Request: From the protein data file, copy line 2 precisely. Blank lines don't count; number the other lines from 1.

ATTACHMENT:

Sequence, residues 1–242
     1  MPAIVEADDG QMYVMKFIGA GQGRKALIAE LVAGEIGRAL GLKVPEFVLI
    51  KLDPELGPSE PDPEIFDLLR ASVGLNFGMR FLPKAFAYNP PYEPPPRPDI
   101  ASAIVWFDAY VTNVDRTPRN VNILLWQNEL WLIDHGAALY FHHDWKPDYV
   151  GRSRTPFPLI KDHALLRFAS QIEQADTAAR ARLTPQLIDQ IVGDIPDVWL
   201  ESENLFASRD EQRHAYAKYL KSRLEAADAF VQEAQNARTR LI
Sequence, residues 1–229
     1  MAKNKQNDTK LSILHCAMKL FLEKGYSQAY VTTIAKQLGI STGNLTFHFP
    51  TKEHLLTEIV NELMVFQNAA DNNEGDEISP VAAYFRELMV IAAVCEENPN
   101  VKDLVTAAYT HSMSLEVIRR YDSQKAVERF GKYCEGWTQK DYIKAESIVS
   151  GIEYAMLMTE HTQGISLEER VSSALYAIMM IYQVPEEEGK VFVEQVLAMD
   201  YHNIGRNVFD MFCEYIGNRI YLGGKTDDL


     1  MPAIVEADDG QMYVMKFIGA GQGRKALIAE LVAGEIGRAL GLKVPEFVLI